There’s no artificial drama being injected here, at least not more than can be surmised by listening to the conviction of Walker’s decision in his voice. He’s dejected enough to suggest he’s going to camp out in a cemetery rather than endure another night at home in an otherwise empty bed – thereby informing us of her unforgivable transgressions in a roundabout way – but he’s clearly not on the verge of an emotional breakdown over this turn of events.

He’s hurt and a little angry for sure but he still has some semblance of self-control, which is why that tonal shift from his usual delivery is so vital in making this work. He isn’t trying to get her to change her behavior, not hoping to talk himself out of walking out on her, not even attempting to make her feel guilty and miss him when he’s gone, but rather he’s unequivocally stating the obvious which is he can’t live with himself if he remains living with her and so for his own mental well-being he’s cutting ties completely to go off and be alone.

Well… he DOES have some moral support in the form of the band who give the arrangement a somewhat menacing presence that sounds as if it’s lurking in the shadows courtesy of the intertwining piano and guitar. Otis’s vibes are nowhere to be found and the horns make only the briefest appearance and are kept low in the mix which adds to the uncertain feel this has throughout the song.

Chalk it up as the official statement of a spurned lover who has a sturdy enough backbone to make a firm decision even if his legs are a bit unsteady as he walks out the door.

It wouldn’t be right to say that something this atypical was the best Mel Walker ever sounded, but it’s not far off to say that sounding this way adds another dimension to his artistry which makes his all-too brief career that much more formidable in the long run.


I Guess It’s Time For Me To Go
There’s no shortage of interviews, scholarly analysis and published information about the three famed writers on this. Johnny Otis wrote multiple books on his own and Leiber and Stoller had a “as told to” autobiography put out that contained a lot of good stories in it conveyed in the first person.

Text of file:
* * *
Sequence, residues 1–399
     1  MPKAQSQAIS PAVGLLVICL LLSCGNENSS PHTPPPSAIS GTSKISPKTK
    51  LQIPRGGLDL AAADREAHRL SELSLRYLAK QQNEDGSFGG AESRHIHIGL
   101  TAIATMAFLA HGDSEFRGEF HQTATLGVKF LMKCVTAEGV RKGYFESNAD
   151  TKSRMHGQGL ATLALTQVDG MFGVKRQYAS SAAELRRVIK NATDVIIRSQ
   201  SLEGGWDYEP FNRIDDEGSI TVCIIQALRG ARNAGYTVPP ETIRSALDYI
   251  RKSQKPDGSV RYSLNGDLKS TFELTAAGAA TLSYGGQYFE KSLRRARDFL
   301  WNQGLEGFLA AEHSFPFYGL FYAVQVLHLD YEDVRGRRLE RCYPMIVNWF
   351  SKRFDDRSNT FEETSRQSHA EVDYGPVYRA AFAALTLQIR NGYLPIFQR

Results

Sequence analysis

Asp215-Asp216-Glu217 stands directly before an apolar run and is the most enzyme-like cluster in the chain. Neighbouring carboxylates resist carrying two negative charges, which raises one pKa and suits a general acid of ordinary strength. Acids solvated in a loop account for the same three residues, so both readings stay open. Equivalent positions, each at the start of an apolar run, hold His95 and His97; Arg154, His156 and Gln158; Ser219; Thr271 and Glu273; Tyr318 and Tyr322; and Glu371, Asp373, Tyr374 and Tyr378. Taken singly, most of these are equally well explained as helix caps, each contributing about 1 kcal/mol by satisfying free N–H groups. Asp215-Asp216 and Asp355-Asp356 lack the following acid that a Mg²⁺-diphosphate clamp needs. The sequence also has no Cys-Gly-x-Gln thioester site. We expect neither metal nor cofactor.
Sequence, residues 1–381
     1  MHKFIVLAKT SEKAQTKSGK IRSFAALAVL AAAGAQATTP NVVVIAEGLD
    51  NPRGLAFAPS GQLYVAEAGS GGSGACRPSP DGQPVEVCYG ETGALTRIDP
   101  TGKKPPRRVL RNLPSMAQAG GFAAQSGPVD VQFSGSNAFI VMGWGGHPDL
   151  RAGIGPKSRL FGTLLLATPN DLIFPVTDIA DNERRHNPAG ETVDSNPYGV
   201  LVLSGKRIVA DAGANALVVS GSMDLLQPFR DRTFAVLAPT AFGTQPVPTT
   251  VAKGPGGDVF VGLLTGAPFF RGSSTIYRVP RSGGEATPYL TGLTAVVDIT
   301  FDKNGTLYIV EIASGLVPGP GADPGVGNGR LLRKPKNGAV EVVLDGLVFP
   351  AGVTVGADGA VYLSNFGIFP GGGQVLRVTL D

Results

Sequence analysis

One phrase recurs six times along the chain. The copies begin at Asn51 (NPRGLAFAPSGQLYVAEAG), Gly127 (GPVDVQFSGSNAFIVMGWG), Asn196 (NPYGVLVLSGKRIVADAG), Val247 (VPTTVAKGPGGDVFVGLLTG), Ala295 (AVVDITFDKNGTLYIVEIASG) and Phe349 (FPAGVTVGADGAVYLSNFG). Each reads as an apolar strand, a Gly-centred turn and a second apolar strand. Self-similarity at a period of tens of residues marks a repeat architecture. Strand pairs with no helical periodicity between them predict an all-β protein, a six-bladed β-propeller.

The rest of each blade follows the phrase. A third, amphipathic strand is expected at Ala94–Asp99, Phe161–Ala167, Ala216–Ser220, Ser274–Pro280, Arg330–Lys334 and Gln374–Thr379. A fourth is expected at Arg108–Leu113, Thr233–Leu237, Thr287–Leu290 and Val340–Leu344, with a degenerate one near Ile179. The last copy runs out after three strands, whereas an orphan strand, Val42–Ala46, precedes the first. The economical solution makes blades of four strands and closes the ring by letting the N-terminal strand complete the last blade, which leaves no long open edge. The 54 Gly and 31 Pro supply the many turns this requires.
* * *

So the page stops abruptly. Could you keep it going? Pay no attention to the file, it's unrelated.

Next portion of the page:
Yet none of them, as far I know, ever commented on the genesis of this brief working relationship, let alone made even passing reference to The Candle’s Burnin’ Low which contains a great out of character performance by Mel Walker on a smartly evocative production stemming directly from the type of song the three of them wrote in tandem.

Only one of them remains with us, Mike Stoller, and somehow this vital information could go to the grave with him. They’ve all talked at length about the Hound Dog legal wrangling and the personal fall-out that stemmed from it, but what about the story of HOW they actually got together, who was the protagonist, how did they work together (I’m assuming Mike and Jerry wrote the songs and Johnny “polished” it up, or provided more of a formal arrangement in the studio) and in what capacity was Otis was taking them with him to the various record labels he was working with?

It may have been short-lived and ultimately acrimonious, but that’s only because it was an incredibly productive period that ended with an immortal record and we know how success – and the financial spoils that come with it – has an unfortunate tendency to create enemies out of the participants who all want more of the money and more of the credit.

This however is something maybe none of them made much money on, nor do any of them seem to have sought an undue amount of credit for, yet as a record – while not immortal – it’s pretty damn great all the same.

More than that however, it provides a rare opportunity to find out something surprising about a singer we’ve thought we’d come to know inside and out in the two years before this. But it turns out even after hearing Mel Walker sing on twenty-four sides, we didn’t have quite the grip on his vocal talents as we assumed.


(Visit the Artist pages of Johnny Otis and Mel Walker for the complete archive of their respective records reviewed to date)